Included in earnings
    (34,343 )(a)           (2,846 )(a)           47,850 (b)
Included in other comprehensive income
    115,248       6,094       5,807       35        
Settlements
    (192,528 )     (4,617 )     (267 )            
Transfers in and/or out of Level 3 (c)
    (355,248 )(d)                 (455 )     (26,927 )
 
                             
 
                                       
Balance – June 30, 2010
  $ 1,598,033     $ 26,643     $ 118,040     $     $ 20,843  
 
                             
 
                                       
Changes in unrealized gains (losses) included in earnings related to assets still held at June 30, 2010
  $ (34,343 )(a)   $     $ (2,846 )(a)   $     $ 20,598 (b)
 
                             
 
(a)   Reported as an other-than-temporary impairment loss in the consolidated statement of income or as gain (loss) on bank investment securities.
 
(b)   Reported as mortgage banking revenues in the consolidated statement of income and includes the fair value of commitment issuances and expirations.
 
(c)   The Company’s policy for transfers between fair value levels is to recognize the transfer as of the actual date of the event or change in circumstances that caused the transfer.
 
(d)   As a result of the Company’s adoption of new accounting rules governing the consolidation of variable interest entities, effective January 1, 2010 the Company derecognized $355 million of available-for-sale investment securities previously classified as Level 3 measurements.

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NOTES TO FINANCIAL STATEMENTS, CONTINUED
12. Fair value measurements, continued
     The Company is required, on a nonrecurring basis, to adjust the carrying value of certain assets or provide valuation allowances related to certain assets using fair value measurements. The more significant of those assets follow.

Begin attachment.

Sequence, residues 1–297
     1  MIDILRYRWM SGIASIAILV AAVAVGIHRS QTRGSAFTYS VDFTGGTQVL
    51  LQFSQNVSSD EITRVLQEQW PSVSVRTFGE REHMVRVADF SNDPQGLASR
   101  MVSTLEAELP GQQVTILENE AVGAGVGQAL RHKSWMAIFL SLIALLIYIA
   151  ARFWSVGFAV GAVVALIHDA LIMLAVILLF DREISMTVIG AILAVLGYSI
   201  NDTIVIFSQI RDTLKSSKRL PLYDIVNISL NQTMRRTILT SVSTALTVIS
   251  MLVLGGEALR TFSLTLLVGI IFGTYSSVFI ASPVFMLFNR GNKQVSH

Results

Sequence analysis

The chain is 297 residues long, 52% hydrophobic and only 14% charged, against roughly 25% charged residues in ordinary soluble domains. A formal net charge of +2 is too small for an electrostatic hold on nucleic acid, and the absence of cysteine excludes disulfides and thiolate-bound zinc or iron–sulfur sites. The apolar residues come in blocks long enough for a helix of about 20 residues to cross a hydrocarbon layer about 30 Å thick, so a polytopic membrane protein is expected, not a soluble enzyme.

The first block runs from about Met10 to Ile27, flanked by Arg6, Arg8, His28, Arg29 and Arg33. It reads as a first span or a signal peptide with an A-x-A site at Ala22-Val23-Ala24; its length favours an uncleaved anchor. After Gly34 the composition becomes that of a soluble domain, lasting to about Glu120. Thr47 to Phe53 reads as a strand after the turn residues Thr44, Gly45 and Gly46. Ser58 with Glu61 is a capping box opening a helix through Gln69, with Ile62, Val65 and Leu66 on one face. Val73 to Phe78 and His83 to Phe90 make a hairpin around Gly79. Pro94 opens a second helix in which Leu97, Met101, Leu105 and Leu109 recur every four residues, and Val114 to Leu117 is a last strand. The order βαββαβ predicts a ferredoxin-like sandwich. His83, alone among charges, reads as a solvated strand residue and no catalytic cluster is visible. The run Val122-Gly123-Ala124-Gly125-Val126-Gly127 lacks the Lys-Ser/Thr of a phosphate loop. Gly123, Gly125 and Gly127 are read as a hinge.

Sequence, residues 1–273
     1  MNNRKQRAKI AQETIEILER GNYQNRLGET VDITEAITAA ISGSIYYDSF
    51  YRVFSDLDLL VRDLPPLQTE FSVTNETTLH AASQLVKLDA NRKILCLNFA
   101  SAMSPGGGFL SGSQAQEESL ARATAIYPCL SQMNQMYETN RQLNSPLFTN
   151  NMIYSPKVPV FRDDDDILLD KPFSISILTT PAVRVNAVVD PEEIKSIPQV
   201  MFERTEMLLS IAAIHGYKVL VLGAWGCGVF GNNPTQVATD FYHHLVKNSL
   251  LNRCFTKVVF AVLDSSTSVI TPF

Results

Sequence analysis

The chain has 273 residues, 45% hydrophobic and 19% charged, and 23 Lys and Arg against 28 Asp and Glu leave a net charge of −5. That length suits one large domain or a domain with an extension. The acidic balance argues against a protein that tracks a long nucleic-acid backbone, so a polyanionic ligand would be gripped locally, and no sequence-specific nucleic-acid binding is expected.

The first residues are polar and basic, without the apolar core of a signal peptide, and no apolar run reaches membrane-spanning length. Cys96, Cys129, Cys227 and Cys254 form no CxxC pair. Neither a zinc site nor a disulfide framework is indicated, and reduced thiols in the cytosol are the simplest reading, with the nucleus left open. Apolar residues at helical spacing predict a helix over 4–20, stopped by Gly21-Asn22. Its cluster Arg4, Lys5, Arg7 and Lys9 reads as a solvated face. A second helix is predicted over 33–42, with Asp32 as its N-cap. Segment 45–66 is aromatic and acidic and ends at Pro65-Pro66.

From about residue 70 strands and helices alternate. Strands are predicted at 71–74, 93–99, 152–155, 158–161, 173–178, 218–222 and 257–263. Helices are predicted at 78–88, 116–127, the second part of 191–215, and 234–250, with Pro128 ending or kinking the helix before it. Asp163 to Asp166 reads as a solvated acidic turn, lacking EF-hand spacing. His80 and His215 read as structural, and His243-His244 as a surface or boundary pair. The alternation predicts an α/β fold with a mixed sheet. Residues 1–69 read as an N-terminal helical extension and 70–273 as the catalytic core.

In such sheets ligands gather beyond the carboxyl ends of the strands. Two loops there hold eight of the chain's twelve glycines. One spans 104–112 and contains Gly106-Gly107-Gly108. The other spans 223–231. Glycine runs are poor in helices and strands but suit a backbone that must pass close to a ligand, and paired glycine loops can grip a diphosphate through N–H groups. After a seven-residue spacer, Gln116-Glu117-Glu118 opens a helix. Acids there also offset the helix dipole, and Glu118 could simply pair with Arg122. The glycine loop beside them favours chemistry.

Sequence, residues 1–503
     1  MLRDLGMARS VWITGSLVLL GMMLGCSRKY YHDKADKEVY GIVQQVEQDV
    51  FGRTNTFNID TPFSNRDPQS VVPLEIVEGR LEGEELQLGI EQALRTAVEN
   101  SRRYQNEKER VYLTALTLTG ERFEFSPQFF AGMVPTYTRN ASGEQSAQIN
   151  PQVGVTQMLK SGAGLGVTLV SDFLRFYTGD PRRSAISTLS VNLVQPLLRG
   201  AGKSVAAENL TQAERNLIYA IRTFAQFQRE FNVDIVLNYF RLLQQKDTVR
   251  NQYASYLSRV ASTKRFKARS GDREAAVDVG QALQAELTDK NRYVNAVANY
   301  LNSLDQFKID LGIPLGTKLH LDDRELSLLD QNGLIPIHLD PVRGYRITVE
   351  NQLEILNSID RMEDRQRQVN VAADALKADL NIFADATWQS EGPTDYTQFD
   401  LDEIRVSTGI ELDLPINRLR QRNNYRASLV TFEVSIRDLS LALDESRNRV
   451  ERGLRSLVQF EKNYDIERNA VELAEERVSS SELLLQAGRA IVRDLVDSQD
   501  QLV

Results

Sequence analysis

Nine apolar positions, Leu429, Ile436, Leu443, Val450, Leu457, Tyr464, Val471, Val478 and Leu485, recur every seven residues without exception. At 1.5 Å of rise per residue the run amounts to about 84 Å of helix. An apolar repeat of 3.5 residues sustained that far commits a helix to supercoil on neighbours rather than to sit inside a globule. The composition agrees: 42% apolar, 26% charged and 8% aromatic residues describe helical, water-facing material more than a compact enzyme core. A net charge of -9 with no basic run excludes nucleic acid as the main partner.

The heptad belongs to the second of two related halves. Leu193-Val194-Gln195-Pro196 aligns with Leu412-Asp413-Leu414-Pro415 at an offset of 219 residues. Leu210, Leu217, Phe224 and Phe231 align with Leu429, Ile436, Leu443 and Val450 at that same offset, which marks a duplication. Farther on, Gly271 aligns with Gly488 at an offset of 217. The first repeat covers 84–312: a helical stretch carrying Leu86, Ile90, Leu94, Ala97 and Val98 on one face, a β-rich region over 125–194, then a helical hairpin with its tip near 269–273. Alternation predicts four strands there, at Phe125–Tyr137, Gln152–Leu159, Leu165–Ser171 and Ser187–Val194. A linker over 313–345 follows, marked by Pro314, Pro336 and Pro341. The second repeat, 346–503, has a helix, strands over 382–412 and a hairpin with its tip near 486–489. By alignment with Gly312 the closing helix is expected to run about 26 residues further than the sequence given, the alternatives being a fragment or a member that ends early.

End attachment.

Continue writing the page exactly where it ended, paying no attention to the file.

Loans
Loans are generally not recorded at fair value on a recurring basis. Periodically, the Company records nonrecurring adjustments to the carrying value of loans based on fair value measurements for partial charge-offs of the uncollectible portions of those loans. Nonrecurring adjustments also include certain impairment amounts for collateral-dependent loans when establishing the allowance for credit losses. Such amounts are generally based on the fair value of the underlying collateral supporting the loan and, as a result, the carrying value of the loan less the calculated valuation amount does not necessarily represent the fair value of the loan. Real estate collateral is typically valued using appraisals or other indications of value based on recent comparable sales of similar properties or assumptions generally observable in the marketplace and the related nonrecurring fair value measurement adjustments have generally been classified as Level 2, unless significant adjustments have been made to the valuation that are not readily observable by market participants. Estimates of fair value used for other collateral supporting commercial loans generally are based on assumptions not observable in the marketplace and therefore such valuations have been classified as Level 3. Loans subject to nonrecurring fair value measurement were $478 million at June 30, 2011 ($324 million and $154 million of which were classified as Level 2 and Level 3, respectively) and $664 million at June 30, 2010 ($378 million and $286 million of which were classified as Level 2 and Level 3, respectively). Changes in fair value recognized for partial charge-offs of loans and loan impairment reserves on loans held by the Company on June 30, 2011 were decreases of $61 million and $91 million for the three- and six-month periods ended June 30, 2011, respectively. Changes in fair value recognized for partial charge-offs of loans and loan impairment reserves on loans held by the Company on June 30, 2010 were decreases of $64 million and $125 million for the three- and six-month periods ended June 30, 2010, respectively.
Assets taken in foreclosure of defaulted loans
Assets taken in foreclosure of defaulted loans are primarily comprised of commercial and residential real property and are generally measured at the lower of cost or fair value less costs to sell. The fair value of the real property is generally determined using appraisals or other indications of value based on recent comparable sales of similar properties or assumptions generally observable in the marketplace, and the related nonrecurring fair value measurement adjustments have generally been classified as Level 2. Assets taken in foreclosure of defaulted loans subject to nonrecurring fair value measurement were $50 million and $127 million at June 30, 2011 and June 30, 2010, respectively. Reflecting further declines in residential real estate and residential development projects subsequent to foreclosure, changes in fair value recognized for those foreclosed assets held by the Company at June 30, 2011 were $13 million and $15 million for the three months and six months ended June 30, 2011, respectively. Changes in fair value recognized for those foreclosed assets held by the Company at June 30, 2010 were $16 million and $21 million for the three months and six months ended June 30, 2010, respectively.